The cranio-sacral system is made up of the spinal chord and brain, the connective tissue around the spinal chord and brain, and the bones of the skull and the spine. In the 1920s Wiliam Sutherland, Doctor of Osteopathy, did experiments on his own cranium to discover, as he expected, the cranial sutures allow for a subtle involuntary movement between the bones. From his experiments, Cranial Osteopathy was born. Cranial Osteopathy was considered an esoteric embarrassment by much of the Osteopathy institution (Upledger, 2009).
It wasn’t until decades later that Sutherland’s hypothesis gained greater acceptance when John Upledger researched the scientific mechanics of the system at Michigan State University in the 1970s. Upledger showed that, indeed, the sutures operate like hinges on a bridge that make the structure stable in the midst of movement and temperature fluctuations. The sutures allow these bones to make room for the rhythmic constant shifting of pressure in the membranes surrounding the central nervous system (CNS). When adhesions inhibit the movement of these bones, it can create any number of local or distal symptoms.
Cranio-Sacral Therapy is used to diagnose and treat dysfunctions within this system. It is a deeply cooperative approach between the therapist and the client’s own intelligent body.
Dural Tube This tube of connective tissue wraps and protects the spinal cord and is the container for the meninges and cerebro spinal fluid (CSF). When the dural tube is free from adhesions it glides freely within the spinal canal. Its bony attachments are at C2 and C3, S2, and the foramen magnum at the base of the skull.
There are 22 bones in the adult human cranium. They are listed below with a rough laymen’s terms description of location.
Frontal bone: forehead
Parietals: around the ears
Temporals: sides of the head
Occiput: at the back of the head above the neck.
Sphenoid: in the centre of the head above the spinal column and behind the eyes. It touches the surface at one point in the temples. It is shaped like a butterfly or double vertebrae. It houses the pituitary.
Ethmoid: between the eyes at the root of the nose.
Jaw and Face
Mandible: the jaw
Maxillae: the upper jaw and teeth
Vomer: attaches to the septum of the nose, the ethmoid and the sphenoid. Deep to the septum.
Palatines: make up the back roof of the mouth.
Zygoma: the cheek bones.
Nasal bones: stem off of the ethmoid to form the bridge of the nose
Nasal Concha: curled bones inside the nasal cavity.
In a sense, it’s amazing, with so many separate bones with multiple joints on each, that it took so long to realize the bones may have individual movement capacity. Each pairing of bones has its own pattern of flexion and extension in relation to each other. I find that I primarily work with the 8 cranial bones and, with the exception of the mandible, rarely get into the other facial bones.
When one bone is impeded in its movement it affects others. When the bones of the skull are operating without restriction, they can be used almost like handles to effect restrictions to the dural tube along its length or the fascial membranes within the brain. The Upledger model is quicker to jump to this these direct mobilization techniques. Other techniques, such as Biodynamic Cranio-Sacral Therapy as taught by Franklyn Sills, are characterized by an emphasis on listening and affecting with intention before going to directional coercion.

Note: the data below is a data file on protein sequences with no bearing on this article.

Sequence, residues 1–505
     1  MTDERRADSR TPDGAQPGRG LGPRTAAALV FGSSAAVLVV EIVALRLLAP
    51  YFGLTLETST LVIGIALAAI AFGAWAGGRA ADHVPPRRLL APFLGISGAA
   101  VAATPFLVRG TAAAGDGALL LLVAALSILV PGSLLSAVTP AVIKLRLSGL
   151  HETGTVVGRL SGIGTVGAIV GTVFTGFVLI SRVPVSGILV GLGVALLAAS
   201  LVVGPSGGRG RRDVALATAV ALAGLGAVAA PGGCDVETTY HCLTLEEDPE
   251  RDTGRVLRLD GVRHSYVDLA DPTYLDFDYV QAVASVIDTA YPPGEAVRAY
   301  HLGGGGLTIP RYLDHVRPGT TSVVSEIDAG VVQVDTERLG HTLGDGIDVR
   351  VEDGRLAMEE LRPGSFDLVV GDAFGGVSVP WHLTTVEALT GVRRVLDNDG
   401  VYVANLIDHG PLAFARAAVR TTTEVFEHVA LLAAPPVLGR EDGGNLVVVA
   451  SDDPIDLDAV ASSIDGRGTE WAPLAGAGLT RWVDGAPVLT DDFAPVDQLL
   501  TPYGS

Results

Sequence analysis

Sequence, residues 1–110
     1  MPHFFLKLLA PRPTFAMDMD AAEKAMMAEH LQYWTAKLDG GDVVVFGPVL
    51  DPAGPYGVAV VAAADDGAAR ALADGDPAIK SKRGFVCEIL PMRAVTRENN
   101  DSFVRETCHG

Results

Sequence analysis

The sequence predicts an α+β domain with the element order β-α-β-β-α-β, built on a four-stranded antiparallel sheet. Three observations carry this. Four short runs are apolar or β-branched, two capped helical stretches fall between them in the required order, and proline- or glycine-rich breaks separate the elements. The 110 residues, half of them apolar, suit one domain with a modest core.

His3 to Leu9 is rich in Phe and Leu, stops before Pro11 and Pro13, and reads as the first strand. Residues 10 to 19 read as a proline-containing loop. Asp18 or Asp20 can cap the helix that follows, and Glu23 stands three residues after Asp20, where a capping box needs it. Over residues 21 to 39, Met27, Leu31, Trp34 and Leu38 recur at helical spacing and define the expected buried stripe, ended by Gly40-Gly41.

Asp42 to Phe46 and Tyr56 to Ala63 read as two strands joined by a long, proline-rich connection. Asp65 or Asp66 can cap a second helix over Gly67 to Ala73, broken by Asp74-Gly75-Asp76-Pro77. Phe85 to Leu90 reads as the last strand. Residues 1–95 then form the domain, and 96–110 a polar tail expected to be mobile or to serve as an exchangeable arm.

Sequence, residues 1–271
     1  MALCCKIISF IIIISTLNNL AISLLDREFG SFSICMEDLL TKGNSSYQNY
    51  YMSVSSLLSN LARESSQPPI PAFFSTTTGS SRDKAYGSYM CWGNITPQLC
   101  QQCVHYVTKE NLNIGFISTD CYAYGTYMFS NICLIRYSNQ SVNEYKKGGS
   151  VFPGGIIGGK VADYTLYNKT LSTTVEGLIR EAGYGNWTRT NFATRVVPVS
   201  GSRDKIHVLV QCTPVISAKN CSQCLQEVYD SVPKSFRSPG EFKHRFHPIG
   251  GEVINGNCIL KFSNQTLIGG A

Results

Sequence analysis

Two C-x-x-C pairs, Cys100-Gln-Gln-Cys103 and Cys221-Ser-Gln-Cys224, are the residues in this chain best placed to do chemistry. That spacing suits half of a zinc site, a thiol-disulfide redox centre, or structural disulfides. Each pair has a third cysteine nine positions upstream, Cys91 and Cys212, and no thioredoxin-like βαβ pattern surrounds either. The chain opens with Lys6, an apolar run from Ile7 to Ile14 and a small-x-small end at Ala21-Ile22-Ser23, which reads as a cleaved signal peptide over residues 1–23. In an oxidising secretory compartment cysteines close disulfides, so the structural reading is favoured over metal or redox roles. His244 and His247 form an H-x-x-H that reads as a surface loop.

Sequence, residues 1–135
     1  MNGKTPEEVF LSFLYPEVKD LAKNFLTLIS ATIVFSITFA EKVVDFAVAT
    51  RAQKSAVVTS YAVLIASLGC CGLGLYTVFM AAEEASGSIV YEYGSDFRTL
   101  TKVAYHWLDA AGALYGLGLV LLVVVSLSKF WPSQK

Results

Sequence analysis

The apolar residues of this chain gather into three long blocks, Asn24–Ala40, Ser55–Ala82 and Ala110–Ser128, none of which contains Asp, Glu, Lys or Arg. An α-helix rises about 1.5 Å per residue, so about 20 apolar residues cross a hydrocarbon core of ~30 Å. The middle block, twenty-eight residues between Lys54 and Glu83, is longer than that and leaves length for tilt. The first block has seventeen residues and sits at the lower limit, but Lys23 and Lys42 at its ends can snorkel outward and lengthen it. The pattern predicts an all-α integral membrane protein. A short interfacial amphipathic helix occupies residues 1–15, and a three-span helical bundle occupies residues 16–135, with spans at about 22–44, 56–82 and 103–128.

Intracranial Membrane (Reciprocal Tension Membrane)
In short, there’s a horizontal membrane and a vertical membrane that come together at the back of the head and attach to the dural tube and spine. There are three layers to these membranes. The dura mater is the outer layer, the arachnoid is the middle layer and the pia mater is the inner layer. Between the arachnoid and the pia mater is a space where the CSF flows.
The vertical membrane, separating the left and right hemisphere, is the falx cerebri and attaches to the ethmoid, and frontal bone and along the suture between the parietals to the back of the occiput where it meets the tentorium. The tentorium go from one temporal bone to the other cradling the posterior cerebrum and dividing it from the cerebellum. It attaches in the back to the occiput and in front to the sphenoid.
There’s only about four ounces of this fluid in the body, which diminishes with age. Its job is to flush toxins from the brain and nurture the brain and spinal chord. One might imagine that, with such limited resources, the impeding of the flow of such liquid due to adhesions can have strong repercussions.
The CSF cycles around the brain and spinal chord 6-12 times per minute. One cycle includes a flexion stage and an extension stage. The flexion stage is characterized by subtle, palpable filling, widening and external rotation. Then there is a tiny pause before the extension phase of emptying, elongating, and internally rotating. The movement of this fluid is often called a tide and is compared to the tides of the ocean. Some can even feel what they call a short tide, described above and a much longer tide. You might think of this as waves in the ocean and the tidal fluctuations. Both are happening all the time, but the longer tide is harder to notice.
Movement of the Bones
In flexion the sphenoid and occiput tip away from each other with the sphenoid tipping forward and the occiput back. The frontal bone tips forward and the temporal bones rotate out and widen while the parietal bones lift. The opposite motion occurs in extension.